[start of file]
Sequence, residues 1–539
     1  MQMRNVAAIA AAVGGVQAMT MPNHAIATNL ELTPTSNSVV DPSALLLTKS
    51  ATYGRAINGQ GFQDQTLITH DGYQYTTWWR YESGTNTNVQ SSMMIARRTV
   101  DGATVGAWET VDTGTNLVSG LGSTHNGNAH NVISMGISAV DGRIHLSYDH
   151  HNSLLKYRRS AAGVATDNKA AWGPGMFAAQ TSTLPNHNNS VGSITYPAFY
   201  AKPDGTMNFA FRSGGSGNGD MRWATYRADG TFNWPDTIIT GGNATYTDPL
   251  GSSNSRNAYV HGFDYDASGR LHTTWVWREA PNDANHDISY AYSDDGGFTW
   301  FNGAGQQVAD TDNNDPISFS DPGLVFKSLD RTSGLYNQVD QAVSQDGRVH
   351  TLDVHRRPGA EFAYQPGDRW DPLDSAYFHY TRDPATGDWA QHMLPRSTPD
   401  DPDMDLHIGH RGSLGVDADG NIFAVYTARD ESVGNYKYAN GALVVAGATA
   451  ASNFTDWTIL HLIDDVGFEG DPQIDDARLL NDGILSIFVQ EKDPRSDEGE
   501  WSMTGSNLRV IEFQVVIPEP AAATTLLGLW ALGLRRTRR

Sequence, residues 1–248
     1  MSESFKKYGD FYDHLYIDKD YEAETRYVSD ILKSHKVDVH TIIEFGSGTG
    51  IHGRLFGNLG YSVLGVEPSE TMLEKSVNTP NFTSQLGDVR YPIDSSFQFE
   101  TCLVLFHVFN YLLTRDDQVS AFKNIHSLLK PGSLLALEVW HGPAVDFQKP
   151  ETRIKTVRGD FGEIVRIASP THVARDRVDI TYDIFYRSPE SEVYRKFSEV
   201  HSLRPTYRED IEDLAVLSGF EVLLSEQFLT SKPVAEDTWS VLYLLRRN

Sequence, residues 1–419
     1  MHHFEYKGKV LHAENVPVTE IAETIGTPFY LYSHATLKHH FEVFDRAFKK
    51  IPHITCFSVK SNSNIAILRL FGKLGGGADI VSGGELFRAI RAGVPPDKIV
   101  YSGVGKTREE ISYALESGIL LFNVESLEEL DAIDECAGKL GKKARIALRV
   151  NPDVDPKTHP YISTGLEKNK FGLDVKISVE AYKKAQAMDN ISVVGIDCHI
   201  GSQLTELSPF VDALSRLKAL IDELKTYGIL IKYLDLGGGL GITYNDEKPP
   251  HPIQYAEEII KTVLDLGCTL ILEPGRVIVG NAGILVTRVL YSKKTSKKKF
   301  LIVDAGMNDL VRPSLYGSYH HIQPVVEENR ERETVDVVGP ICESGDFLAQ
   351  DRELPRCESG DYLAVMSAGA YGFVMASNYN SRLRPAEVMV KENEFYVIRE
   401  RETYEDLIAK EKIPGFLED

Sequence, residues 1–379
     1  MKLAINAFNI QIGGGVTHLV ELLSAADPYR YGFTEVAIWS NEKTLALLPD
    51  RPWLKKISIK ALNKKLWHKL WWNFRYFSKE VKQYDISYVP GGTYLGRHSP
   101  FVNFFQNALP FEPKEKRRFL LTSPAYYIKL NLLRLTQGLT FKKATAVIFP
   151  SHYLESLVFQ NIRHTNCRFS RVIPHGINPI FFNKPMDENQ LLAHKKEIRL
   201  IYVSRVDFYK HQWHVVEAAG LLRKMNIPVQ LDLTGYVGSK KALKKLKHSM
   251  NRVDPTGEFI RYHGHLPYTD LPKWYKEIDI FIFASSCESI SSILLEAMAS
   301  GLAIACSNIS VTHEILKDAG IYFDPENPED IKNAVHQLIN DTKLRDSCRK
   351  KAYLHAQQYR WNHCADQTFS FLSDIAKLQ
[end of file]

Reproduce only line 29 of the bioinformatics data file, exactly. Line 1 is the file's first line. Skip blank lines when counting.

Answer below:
Sequence, residues 1–379